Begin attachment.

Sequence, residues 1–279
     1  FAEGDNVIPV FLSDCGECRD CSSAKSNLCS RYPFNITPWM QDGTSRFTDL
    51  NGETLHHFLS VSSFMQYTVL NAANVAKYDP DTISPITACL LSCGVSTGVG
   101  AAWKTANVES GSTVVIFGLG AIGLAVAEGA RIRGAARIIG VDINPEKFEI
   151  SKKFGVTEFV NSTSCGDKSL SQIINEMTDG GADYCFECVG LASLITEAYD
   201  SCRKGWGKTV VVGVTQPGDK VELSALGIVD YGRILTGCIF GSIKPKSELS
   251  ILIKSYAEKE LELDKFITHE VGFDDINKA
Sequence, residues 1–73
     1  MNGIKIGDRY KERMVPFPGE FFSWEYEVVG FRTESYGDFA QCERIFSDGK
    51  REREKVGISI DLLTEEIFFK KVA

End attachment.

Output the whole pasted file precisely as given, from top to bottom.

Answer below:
Sequence, residues 1–279
     1  FAEGDNVIPV FLSDCGECRD CSSAKSNLCS RYPFNITPWM QDGTSRFTDL
    51  NGETLHHFLS VSSFMQYTVL NAANVAKYDP DTISPITACL LSCGVSTGVG
   101  AAWKTANVES GSTVVIFGLG AIGLAVAEGA RIRGAARIIG VDINPEKFEI
   151  SKKFGVTEFV NSTSCGDKSL SQIINEMTDG GADYCFECVG LASLITEAYD
   201  SCRKGWGKTV VVGVTQPGDK VELSALGIVD YGRILTGCIF GSIKPKSELS
   251  ILIKSYAEKE LELDKFITHE VGFDDINKA
Sequence, residues 1–73
     1  MNGIKIGDRY KERMVPFPGE FFSWEYEVVG FRTESYGDFA QCERIFSDGK
    51  REREKVGISI DLLTEEIFFK KVA